Trail specs

Distance (mi.) Stages Elevation Gain Best Time Difficulty
268
19
29,855 ft

May - Sept

 

Trail description

The Pennine Way is one of the fifteen National Trails of England and Wales. These so-called National Trails are long distance paths for hikers, cyclists or horseback riders. To belong to the elite group of the National Trails, the route must meet various conditions. In addition to a flawless signage and a dedicated trail manager who guarantees that the high quality standards are being met, a National Trail passes through the most beautiful landscapes. And that is certainly the case with the Pennine Way. The route will take you through three national parks and two national nature reserves. Especially bird spotters will get their money’s worth on this trail. The Pennine area is considered as one of the best places in Europe to observe birds. Grab your binoculars and try to catch a glimpse of breeding waders in the spring and early summer.

Photo by Tim Hill

The Pennine Way takes you across the eponymous mountains that are also called “the backbone of England”. And that name is well chosen, because the Pennine mountain range is a more or less contiguous mountain massif that extends like a spine from north to south over the middle of England.

Photo by Tim Hill

You will walk from Edale in Derbyshire to Kirk Yetholm on the Scottish border. You could also walk in the opposite direction, but it is recommended to travel from south to north. This way you have the wind in your back and you can blindly trust the topoguide which is described in this direction.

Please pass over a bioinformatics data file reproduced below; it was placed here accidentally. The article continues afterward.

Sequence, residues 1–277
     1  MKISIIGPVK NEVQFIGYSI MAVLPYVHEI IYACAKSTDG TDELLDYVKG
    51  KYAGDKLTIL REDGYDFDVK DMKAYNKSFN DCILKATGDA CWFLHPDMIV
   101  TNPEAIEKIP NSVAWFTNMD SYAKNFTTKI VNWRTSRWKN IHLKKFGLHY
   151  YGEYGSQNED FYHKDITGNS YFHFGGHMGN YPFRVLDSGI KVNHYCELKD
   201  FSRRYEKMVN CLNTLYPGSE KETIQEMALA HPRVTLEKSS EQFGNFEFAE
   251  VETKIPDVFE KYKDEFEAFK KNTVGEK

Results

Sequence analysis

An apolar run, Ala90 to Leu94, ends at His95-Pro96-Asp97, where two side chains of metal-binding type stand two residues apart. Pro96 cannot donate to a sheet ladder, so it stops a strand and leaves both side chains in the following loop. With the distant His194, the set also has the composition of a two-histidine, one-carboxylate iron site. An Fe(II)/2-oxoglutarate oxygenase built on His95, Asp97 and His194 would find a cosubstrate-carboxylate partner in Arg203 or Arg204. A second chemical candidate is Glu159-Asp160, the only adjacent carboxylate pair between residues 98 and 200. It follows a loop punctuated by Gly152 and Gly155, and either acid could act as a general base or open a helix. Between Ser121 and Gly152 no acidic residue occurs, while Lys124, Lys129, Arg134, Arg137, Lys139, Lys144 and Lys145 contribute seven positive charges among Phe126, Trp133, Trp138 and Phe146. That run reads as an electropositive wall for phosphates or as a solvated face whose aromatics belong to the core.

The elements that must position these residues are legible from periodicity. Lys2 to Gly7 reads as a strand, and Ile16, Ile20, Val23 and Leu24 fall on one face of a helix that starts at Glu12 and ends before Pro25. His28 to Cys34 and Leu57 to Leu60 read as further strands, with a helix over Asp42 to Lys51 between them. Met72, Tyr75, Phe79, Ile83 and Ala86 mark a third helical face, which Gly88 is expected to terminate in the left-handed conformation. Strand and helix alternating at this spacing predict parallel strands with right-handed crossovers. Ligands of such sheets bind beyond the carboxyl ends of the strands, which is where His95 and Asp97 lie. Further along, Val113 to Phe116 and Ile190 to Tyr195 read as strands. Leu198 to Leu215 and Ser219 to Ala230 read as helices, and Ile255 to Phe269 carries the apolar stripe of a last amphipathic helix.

With public transport you can easily get to the start and end point of the route. On the trail you can spend the night in youth hostels. But there is also a multitude of hotels and B&B’s along the Pennine Way. With your tent you are most welcome at the numerous campsites on the route. Wild camping is basically not allowed in England, but in most cases a blind eye is being turned as long as you leave no waste behind and do not make a campfire.

Photo by Tim Hill

Although the official record stands at less than three days, most hikers take a total of sixteen to nineteen days to complete the entire route. The Pennine Way is not the toughest on the list, but should not be underestimated due to the long distance. In addition, the route often passes through vast and remote land, so good coordination and basic survival skills can come in handy. It would do no harm to put an extra pair of socks in your backpack, since the soil can be quite swampy. Or make that three extra pairs of socks, because wet feet are guaranteed on this trip. If you fear that your backpack will become too heavy due to all those socks, you can rely on the excellent baggage transport services that are bookable on the Pennine Way.

You’ve heard it, the Pennine Way has it all: clear trail marking, countless possibilities for overnight accommodation in every imaginable level of luxury and even the possibility to have your backpack transported. Both the die hard camper who wants to hike through the vast hills in a back to basics kind of way with tent and sleeping bag, as the sporty stage hiker who prefers to spend almost three weeks on the English backbone with less weight and more comfort will enjoy the Pennine Way to the fullest …!

Photo by Tim Hill

More information

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